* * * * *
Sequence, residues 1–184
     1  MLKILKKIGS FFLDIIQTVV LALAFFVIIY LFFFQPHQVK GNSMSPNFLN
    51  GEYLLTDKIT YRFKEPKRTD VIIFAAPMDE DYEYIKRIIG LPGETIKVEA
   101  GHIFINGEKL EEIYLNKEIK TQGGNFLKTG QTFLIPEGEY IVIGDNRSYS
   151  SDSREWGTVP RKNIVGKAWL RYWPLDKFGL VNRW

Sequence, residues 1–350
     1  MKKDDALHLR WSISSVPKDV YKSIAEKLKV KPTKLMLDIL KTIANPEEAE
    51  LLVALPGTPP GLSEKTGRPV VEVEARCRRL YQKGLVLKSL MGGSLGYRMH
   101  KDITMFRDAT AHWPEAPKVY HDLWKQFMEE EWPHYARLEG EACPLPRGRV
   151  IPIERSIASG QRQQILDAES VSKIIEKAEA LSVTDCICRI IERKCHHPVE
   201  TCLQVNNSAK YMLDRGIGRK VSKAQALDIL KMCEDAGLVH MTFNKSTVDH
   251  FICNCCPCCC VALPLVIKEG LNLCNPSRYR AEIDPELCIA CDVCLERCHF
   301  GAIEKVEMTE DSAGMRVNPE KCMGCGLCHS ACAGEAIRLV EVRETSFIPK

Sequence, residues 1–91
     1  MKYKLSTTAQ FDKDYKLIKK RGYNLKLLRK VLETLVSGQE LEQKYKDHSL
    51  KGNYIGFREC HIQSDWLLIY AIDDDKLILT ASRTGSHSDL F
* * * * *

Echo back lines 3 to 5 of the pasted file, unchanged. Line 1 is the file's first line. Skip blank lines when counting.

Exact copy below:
    51  GEYLLTDKIT YRFKEPKRTD VIIFAAPMDE DYEYIKRIIG LPGETIKVEA
   101  GHIFINGEKL EEIYLNKEIK TQGGNFLKTG QTFLIPEGEY IVIGDNRSYS
   151  SDSREWGTVP RKNIVGKAWL RYWPLDKFGL VNRW